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 Post subject: Minjian Zhijin
PostPosted: Fri Jan 18, 2008 3:07 pm 

Joined: Thu Mar 01, 2007 11:30 am
Posts: 315
A recent accquistion:
Minjian Zhijin (Chinese Woven Textiles). 1994. Hunan Fine Arts Publishing House.
ISBN: 7535607039
ISBN-13: 9787535607034
Text in Chinese. Color illustrations of woven textiles from Tujia, Miao, Yao and Dong groups. Textile pieces, quilts, belts, ribbons and baby carriers are covered.
It is available from Mandarin Books in China with Liu, Xiaofeng providing excellent service.
Mandarin Books in China may be reached on the web using the following link:

 Post subject:
PostPosted: Wed Sep 17, 2008 10:52 am 
Site Admin

Joined: Sun Jun 29, 2003 1:42 pm
Posts: 1997
Location: Canterbury, UK
This is indeed a fantastic book for those interested in the woven textiles of south west China. However, as there is no English whatsoever in the book it does lead to some frustration for the linguistically challenged at not being able to understand the text - when the images are so excellent and intriguing. The second page of ... 3&start=15 makes several references to the book and shows some images from it, especially of Dong textiles from the Tongdao region of Hunan Province.

I am very pleased to say that Steven Frost recently received his copy of the book and, so impressed was he by the book that, wonderfully(!), he has been bitten by the bug of translating parts of the text. With his permission I am sharing with the forum:
"a synopsis of Minjian Zhijin's introduction. Feel free to post it on the forum. It is a loose translation, but the general ideas are there. "Minjian" means "folk" and "zhijin" is brocade."

"Hunan folk brocade is closely related to China's ancient past. The roots of weaving in China can be traced back at least to the neolithic period. Hemudu (present day Ningbo) culture thrived around 7,000 years ago. Excavations there have uncovered wooden knives and other implements used for weaving as well as components of looms.

At Mawangdui - a Chu Han tomb - unearthed near present day Changsha textiles were discovered and bear many similarities to those found among minorities in western Hunan.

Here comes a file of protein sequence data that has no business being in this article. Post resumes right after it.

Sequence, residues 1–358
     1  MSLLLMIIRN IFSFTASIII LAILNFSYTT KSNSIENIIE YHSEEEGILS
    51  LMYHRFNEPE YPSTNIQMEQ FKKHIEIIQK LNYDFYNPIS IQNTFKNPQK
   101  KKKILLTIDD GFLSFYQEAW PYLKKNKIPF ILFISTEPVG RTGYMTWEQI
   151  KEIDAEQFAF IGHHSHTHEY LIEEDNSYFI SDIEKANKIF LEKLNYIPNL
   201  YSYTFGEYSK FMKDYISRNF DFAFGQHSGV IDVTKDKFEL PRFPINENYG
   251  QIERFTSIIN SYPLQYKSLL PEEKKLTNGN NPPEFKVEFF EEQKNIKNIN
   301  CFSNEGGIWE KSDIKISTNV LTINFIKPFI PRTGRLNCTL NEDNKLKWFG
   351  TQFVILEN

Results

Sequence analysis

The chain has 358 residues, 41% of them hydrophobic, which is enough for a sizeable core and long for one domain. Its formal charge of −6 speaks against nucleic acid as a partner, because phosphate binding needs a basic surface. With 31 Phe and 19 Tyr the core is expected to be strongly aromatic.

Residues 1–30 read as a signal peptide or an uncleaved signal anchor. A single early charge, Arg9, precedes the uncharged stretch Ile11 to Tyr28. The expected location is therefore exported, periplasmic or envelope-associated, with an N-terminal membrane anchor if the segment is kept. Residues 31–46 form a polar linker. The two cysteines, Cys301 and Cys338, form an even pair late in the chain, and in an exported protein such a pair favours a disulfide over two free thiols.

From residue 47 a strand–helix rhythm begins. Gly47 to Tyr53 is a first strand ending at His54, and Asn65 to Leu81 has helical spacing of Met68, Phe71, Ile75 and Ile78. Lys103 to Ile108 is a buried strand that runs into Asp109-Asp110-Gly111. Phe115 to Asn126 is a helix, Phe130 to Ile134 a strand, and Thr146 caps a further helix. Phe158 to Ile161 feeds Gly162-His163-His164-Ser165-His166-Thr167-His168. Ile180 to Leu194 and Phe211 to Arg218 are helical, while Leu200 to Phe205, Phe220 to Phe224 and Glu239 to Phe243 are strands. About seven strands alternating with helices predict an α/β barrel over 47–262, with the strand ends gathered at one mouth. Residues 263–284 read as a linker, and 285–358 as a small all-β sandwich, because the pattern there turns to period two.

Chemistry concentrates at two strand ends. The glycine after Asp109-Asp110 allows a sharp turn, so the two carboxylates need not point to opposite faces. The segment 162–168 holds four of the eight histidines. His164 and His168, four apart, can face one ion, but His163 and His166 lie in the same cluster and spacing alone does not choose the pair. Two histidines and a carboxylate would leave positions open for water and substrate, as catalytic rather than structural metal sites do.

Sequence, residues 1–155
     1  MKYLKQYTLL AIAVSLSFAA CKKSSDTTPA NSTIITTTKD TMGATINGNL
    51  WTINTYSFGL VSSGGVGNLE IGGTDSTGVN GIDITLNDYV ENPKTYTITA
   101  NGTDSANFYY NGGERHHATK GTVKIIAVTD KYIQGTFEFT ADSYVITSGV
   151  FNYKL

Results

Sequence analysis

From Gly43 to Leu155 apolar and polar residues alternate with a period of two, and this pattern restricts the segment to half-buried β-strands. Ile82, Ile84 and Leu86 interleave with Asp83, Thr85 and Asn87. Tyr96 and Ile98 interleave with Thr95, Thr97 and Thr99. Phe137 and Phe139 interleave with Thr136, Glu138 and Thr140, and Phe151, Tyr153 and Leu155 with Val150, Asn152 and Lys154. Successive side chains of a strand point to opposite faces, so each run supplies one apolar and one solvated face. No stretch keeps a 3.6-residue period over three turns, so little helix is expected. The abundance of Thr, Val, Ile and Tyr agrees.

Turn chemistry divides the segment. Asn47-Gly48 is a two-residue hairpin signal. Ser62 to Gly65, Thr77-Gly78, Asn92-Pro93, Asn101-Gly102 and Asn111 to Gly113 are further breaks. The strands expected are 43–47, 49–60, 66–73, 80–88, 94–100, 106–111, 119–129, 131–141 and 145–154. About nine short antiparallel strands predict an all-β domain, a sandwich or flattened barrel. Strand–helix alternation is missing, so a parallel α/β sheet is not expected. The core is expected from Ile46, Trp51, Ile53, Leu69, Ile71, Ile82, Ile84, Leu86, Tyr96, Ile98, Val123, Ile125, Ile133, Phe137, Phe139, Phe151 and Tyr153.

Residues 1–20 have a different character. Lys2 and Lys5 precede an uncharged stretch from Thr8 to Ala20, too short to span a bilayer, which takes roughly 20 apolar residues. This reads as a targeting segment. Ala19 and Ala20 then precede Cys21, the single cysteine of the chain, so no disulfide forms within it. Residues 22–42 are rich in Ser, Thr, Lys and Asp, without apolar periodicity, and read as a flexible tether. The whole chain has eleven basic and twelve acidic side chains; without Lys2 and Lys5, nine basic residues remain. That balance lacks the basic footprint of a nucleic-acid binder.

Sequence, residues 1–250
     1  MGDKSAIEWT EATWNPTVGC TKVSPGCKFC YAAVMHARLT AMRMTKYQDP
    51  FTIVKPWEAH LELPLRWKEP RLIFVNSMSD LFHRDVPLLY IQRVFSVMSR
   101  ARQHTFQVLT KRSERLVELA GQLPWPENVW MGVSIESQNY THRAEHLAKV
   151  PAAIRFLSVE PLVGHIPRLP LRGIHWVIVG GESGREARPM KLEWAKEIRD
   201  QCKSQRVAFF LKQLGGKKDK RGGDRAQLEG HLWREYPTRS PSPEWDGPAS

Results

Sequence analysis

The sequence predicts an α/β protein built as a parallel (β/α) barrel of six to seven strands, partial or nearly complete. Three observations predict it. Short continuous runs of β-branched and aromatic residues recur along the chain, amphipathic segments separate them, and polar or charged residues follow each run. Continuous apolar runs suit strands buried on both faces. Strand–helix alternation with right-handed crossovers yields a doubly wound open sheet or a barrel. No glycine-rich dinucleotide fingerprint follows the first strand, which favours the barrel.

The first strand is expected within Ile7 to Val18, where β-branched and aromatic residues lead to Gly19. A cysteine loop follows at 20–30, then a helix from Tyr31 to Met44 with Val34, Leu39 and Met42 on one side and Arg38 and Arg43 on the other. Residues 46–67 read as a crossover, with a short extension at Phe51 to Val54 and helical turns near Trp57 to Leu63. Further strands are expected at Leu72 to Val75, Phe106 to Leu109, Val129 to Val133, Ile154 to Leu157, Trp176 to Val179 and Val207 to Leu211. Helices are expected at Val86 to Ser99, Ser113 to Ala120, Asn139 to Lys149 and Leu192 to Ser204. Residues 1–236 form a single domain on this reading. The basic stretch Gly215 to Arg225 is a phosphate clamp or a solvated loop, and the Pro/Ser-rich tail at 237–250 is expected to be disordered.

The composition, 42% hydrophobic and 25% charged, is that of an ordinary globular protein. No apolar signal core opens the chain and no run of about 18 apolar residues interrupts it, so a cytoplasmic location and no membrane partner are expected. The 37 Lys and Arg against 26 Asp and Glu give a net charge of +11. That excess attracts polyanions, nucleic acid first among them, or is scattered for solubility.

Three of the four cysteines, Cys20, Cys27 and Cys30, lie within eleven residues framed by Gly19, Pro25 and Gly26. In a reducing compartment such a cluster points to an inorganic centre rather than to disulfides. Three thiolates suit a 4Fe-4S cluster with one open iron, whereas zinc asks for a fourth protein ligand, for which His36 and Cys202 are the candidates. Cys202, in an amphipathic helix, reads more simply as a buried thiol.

At Jianglingmashan, a Han Dynasty (approx. 220AD) tomb in Hubei Province great quantities of brocaded textiles were discovered. The totems and weft patterns are closely related to the brocaded textiles of southwest Chinese minorities.

During the Three Kingdoms (220 A.D.) there were brocaded blankets called "Wuhoujin". These blankets were treasured possessions, but apparently were usually only found among noblemen. It was believed that sleeping with them could cure illness, so when a child was sick the parents would brocade a special bedcover for them.

Around the same time, due to excessive warfare, the center of Chinese silk production moved to Sichuan province (at that time it was called Shu Guo). Sales of the silk brocaded textiles were one of Zhuge Liang's chief means of financing military expeditions to conquer and pacify southern China. Tens of thousands of northerners were sent south to settle and colonize the border areas (which at that time did not include Guizhou, Yunnan or much of Guangxi). These people brought weaving technology with them.

The area where present day Hunan and Guizhou meet used to be known as Tongren and the people there (primarily Miao) were known as "Tongren man", "man" being a pejorative term for barbarian. These Miao adopted the brocading technology first. From there it travelled to Dong and then Zhuang peoples.

A historical record "Zunyi Fuzhi" mentions Tongren barbarians produced brocaded textiles. There is a folk poem recorded long ago about the brocaded costumes of the area and how the textiles were precious and inseparable from their creators.

The author continually refers back to the "wuhoujin" of the Shu Kingdom and says that the relationship between those textiles and the textiles still being produced by S W Chinese minorities is intimate. He qualifies his statement by saying that the Shu technology is the starting point and that the minorities adopted it and then produced things according to their own ethnic identity and customs. They also took this technology originally exclusively for silk and applied it to all kinds of fabric and threads.

One more thing, there are stone carvings on the walls of a Shu tomb in modern day Chengdu of looms similar to those still being used today. One of these images is illustrated in the text."

You will be pleased to hear that Steven ended with:
"OK, more to come..."!

File comment: Scan of the board cover for Minjian Zhijin
MinjianZhijin-w.jpg [ 85.5 KiB | Viewed 8537 times ]

on-line tribal textiles resource
 Post subject:
PostPosted: Wed Sep 17, 2008 2:49 pm 

Joined: Mon Jun 30, 2003 6:34 pm
Posts: 393
Location: Chiang Mai, Thailand
Steven and Pamela-
Many thanks for that! This is the 'blanket book' that I've had and have been trying to have translated. So far the translation is not complete, but it's being worked on. The introduction text is around 19 pages and includes many drawings of looms etc., so the text looked promising. My understanding is that the weavings referenced are from ethnic groups in Hunan Province. If anyone is interested in a copy of the translation, please let me know.

Susan Stem

 Post subject:
PostPosted: Wed Sep 17, 2008 9:32 pm 

Joined: Wed Dec 29, 2004 7:45 am
Posts: 142
Minjian Zhijin is just one of five volumes of Hunan Fine Arts Pub. House on the topic of "folk arts".

It is correct that all the ilustrated examples are from the Tujia(土家族, Dong (侗族), Miao (苗族) and Yao (瑶族)living in western Hunan (Xiangxi 湘西) along the Guizhou border.


steven frost-arts of southwest china

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